Individual self-determination is harder to accomplish in the modern world of big business, big government, and bureaucracy everywhere. We have the tools of instant knowledge but fewer obvious ways to act on that knowledge in an individually creative way. Young people come into the job market and find themselves in jobs hemmed in by high walls of established corporate protocols. Retirees can’t find cracks in the bureaucratic walls to make a difference in their communities. They’re not “certified” to teach or provide hospice care. The municipality insurance doesn’t cover volunteers.

This airless, over-organized world can discourage people. Professor Barry Schwartz made the point that a structure can change people. They involuntarily adopt its values. People stop asking what’s right, and just follow rules. They even watch people die because the rule says they should ”get permission” to help rather than acting themselves, as we saw recently in DC.

Arianna Huffington has an inspirational new book, Thrive, which exhorts people to make choices about their personal priorities. Maybe it seems like the world around you demands that you give up your personal life for success, but don’t buy it, she says. Personal fulfillment comes from deliberate choices about what you value. Individual initiative starts are home. She’s right, and her breezy, self-confident sermon about life’s meaning, addressed mainly to women, comes at a time when both men and women are under enormous pressure to sacrifice basic joys and needs to the demands of the workplace.

David Brooks is also on this beat. His sermon, delivered yesterday at TED, suggests that we’ll never get the leadership we need to pull ourselves out of this cultural and bureaucratic rut until we stop listening to the muse of raw ambition and begin listening to our souls about what is right and what is wrong. Only with humility and a sense of uncertainty can we face honestly the imperfect choices needed to move forward responsibly. Here too, the answer lies in self-discovery and a commitment to self-determination.

The problem here is not just that people are discouraged from self-determination. Modern society is organized to avoid human choice. Ever-more-detailed rules are designed to prevent people from acting on their own sense of right and wrong. Leadership might as well be illegal. What does the law allow? A giant bureaucratic blob has paralyzed the halls of power as well as the nooks and crannies of our lives. The solution, as in our personal lives, is to seize back these choices. But reclaiming democratic self-determination is not a matter of personal will, but of an organized movement to rebuild government into a structural framework based on human responsibility. Self-determination is indeed the secret sauce of fulfillment, as Arianna Huffington’s new book makes clear. That truth applies equally to the structures of our democracy.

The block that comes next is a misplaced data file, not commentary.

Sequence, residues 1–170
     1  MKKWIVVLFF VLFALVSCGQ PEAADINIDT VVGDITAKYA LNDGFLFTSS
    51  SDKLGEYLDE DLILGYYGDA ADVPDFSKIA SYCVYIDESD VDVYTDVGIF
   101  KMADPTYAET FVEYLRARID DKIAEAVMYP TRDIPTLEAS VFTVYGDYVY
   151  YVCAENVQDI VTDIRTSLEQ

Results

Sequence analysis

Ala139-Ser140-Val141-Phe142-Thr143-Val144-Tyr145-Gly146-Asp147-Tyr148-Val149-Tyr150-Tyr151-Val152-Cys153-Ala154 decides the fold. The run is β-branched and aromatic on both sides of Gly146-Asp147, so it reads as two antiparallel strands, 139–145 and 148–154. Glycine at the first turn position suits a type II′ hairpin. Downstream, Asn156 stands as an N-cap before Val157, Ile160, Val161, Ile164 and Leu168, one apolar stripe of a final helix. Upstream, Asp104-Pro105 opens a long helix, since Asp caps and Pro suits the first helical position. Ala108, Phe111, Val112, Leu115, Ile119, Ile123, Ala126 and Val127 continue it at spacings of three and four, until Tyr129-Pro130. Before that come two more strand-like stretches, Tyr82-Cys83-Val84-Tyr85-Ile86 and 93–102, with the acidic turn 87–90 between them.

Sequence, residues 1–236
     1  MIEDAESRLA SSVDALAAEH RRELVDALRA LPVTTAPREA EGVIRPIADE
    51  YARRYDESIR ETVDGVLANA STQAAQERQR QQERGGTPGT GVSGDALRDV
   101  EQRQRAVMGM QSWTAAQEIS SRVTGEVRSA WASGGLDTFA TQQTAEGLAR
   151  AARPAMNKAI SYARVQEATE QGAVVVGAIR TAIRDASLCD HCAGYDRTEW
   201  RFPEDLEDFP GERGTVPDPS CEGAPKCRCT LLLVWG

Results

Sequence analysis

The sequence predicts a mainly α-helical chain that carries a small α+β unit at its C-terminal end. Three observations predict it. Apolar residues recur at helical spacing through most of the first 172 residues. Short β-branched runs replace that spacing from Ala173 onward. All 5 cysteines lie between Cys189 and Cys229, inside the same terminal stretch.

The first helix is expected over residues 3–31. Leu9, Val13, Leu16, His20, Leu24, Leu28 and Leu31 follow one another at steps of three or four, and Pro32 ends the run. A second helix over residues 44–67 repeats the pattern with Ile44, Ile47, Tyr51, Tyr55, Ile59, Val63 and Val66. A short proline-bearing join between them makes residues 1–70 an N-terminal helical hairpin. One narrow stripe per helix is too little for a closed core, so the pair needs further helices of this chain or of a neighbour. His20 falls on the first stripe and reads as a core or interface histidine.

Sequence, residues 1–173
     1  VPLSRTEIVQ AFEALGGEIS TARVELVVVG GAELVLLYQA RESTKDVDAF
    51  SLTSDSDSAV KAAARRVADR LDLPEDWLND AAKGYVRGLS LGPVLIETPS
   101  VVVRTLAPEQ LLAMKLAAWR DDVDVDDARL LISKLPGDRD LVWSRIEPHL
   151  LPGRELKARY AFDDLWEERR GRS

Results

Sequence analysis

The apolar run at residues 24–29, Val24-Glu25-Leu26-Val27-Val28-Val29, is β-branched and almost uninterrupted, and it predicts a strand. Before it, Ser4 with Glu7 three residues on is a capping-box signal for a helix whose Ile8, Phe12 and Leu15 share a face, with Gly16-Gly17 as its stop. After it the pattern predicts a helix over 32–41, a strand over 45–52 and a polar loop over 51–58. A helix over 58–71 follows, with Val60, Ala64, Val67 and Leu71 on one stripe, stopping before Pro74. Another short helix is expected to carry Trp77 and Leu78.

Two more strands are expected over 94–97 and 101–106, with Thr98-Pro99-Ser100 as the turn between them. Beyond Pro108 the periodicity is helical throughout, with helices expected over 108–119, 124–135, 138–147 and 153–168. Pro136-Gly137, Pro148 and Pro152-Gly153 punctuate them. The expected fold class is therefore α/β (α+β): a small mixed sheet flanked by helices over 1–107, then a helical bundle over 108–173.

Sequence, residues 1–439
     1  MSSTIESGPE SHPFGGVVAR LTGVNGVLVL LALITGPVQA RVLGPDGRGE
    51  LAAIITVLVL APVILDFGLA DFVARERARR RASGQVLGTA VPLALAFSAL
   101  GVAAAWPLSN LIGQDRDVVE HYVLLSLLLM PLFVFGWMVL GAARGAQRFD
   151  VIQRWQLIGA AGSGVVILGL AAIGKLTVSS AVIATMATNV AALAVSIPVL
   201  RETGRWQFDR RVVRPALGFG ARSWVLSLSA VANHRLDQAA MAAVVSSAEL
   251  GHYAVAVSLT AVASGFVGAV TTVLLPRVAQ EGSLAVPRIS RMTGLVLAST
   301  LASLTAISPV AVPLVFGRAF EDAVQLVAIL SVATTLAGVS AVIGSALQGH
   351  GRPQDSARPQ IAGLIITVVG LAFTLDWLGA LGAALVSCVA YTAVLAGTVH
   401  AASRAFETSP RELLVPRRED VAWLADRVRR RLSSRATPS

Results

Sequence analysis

Comment ›

The Two-Way Peril of Regulatory Ossification

Howard's Daily by Philip K. Howard

Courtesy of an excellent daily compilation service called Muhr’s Must Reads, I read an essay titled "The Regulatory Confidence Cycle," by Harvard Law Prof. Mark Roe. Professor Roe warns against complacency in thinking that Dodd-Frank has shielded the economy against financial crisis like that in 2008. "Like generals fighting the last war," he warns, the protections of new regulations will not necessarily guard against new crisis.

He’s correct to a point: Regulations by themselves will almost never guard against abuse, any more than an automatic alarm system is foolproof protection against wrongdoers. Effective regulatory oversight always requires vigilance and human judgment. In the mortgage bubble crisis, pretty much everyone was asleep at the switch, relying on triple A ratings and other "objective" indicia of stability when any alert person would see that the loans were garbage. 

But the deeper problem of post-crisis regulation is that it is often counterproductive. Regulations always have unintended consequences. They cost money; they divert compliance and management energy to rote compliance rather than alert oversight. Dodd-Frank is so complex and expensive, industry insiders tell me, that it drives small banks into the arms of larger banks, arguably exacerbating system-wide risks. The real Maginot Line created the harm of complacency; regulatory Maginot Lines can cause failure by forcing people to do things that make no sense. 

The more detailed the regulation (Dodd-Frank is 850 pages; the Volcker Rule is 950 pages), the sooner and more counterproductive the unintended consequences will appear. The goal should be to focus on regulatory goals, not mindless compliance. Regulators and management alike should be always alert to new facts and trends. This is why an ideal regulatory structure, as Bank of England economist Andrew Haldane proposed in his speech "The Dog and the Frisbee," is one that is made up of broad goals and principles, not detailed prescriptions.  

To guard against the next financial crisis, the first task is not to rely upon Dodd-Frank, but to go back and radically simplify it.

Comment ›

‹ First  < 11 12 13 14 15 >  Last ›